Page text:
Presentation and initial clinical course in patients with chronic inflammatory demyelinating polyradiculoneuropathy: Comparison of patients without and with monoclonal gammopathy

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Article abstract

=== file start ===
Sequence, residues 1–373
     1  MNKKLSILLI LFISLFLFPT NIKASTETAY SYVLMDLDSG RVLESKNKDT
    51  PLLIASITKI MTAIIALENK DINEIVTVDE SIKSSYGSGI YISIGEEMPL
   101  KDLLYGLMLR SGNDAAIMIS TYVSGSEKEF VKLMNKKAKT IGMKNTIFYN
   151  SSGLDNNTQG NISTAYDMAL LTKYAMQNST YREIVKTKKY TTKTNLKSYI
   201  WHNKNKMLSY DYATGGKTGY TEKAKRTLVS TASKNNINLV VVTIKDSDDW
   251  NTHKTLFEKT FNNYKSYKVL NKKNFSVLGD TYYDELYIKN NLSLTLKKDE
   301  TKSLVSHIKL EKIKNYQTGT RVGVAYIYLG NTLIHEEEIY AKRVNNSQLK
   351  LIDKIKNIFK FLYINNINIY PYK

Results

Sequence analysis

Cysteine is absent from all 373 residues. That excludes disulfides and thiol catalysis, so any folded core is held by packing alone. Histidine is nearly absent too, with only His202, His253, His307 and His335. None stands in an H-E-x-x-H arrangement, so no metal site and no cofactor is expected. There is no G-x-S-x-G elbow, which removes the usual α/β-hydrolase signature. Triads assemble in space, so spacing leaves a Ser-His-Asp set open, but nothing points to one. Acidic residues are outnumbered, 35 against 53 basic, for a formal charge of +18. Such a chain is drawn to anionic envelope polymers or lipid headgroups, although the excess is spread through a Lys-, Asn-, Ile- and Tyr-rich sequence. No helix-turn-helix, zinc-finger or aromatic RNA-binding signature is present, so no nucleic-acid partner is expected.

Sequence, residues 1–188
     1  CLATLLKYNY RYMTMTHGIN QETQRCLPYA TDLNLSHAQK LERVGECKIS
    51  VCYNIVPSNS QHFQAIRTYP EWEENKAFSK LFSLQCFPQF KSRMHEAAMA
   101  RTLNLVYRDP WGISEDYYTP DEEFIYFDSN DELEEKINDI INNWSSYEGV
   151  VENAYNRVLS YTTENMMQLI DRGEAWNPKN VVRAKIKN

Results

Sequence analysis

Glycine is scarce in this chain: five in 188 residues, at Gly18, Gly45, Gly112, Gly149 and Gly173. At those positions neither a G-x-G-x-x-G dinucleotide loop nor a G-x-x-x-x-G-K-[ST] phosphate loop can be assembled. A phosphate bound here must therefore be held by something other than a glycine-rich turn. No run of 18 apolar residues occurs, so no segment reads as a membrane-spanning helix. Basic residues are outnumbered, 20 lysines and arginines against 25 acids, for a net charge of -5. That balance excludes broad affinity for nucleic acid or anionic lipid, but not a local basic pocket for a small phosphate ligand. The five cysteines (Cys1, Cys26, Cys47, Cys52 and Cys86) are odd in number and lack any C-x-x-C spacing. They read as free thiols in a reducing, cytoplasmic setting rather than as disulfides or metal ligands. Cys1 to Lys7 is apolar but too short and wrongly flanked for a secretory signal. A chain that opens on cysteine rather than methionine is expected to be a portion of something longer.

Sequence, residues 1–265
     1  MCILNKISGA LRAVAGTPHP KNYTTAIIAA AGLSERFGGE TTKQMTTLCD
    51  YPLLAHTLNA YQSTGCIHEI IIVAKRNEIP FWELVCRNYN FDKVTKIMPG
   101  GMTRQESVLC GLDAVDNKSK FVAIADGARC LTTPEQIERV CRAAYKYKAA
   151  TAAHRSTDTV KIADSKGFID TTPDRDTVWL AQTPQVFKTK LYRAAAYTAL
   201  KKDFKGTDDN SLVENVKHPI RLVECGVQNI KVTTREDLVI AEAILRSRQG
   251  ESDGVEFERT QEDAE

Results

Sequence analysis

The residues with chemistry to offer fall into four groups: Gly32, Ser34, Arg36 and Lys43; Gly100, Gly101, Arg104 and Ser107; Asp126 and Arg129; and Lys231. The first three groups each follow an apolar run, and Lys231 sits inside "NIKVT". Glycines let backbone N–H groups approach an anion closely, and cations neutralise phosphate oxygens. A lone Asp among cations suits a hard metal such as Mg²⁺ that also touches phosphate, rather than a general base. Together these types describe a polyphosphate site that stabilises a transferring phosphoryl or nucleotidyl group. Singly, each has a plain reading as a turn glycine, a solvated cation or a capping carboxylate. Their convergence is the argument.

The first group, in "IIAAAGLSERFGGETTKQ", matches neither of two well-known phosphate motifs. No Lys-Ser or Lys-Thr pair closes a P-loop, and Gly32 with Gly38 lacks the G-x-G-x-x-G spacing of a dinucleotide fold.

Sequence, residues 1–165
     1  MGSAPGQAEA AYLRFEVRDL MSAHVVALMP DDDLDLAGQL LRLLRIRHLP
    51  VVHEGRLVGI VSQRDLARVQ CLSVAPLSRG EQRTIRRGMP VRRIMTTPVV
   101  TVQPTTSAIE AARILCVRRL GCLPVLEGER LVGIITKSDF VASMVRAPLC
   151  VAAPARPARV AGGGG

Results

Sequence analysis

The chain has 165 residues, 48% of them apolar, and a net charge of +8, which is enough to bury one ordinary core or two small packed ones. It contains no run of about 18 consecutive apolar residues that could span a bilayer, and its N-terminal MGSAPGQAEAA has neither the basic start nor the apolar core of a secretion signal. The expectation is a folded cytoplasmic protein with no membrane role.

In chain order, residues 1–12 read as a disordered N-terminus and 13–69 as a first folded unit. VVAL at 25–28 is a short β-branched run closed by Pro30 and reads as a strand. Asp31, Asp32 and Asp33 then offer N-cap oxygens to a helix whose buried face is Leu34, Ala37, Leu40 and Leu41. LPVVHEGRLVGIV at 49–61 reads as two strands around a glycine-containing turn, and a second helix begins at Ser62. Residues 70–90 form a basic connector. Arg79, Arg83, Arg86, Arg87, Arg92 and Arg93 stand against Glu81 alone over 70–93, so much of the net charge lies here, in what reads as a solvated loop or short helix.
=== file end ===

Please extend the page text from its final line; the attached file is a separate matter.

Chronic inflammatory demyelinating polyradiculoneuropathy (CIDP) may occur in association with a monoclonal gammopathy of undetermined significance (MGUS) or a variety of other systemic illnesses. It is not known if the clinical features of CIDP are altered by the presence of an MGUS. We compared demographic features, clinical presentation, improvement and outcome after initial treatment, and electrodiagnostic features of a group of 77 patients with idiopathic CIDP (CIDP-I, no associated systemic illness) with 26 patients with CIDP in whom an MGUS was found during evaluation of the neuropathy (CIDP-MGUS). Patients with CIDP-MGUS had, on average, a more indolent course and less severe weakness than patients with CIDP-I, despite similar motor conduction studies. CIDP-MGUS patients also demonstrated less functional impairment, more frequent sensory loss, and more abnormal sensory conduction studies than patients with CIDP-I. Because of the greater improvement of CIDP-I patients with treatment, both groups had similar outcomes from their initial episodes of weakness. Subgroup analysis of CIDP-MGUS patients did not demonstrate differences between groups with IgM and IgG or IgA gammopathies.

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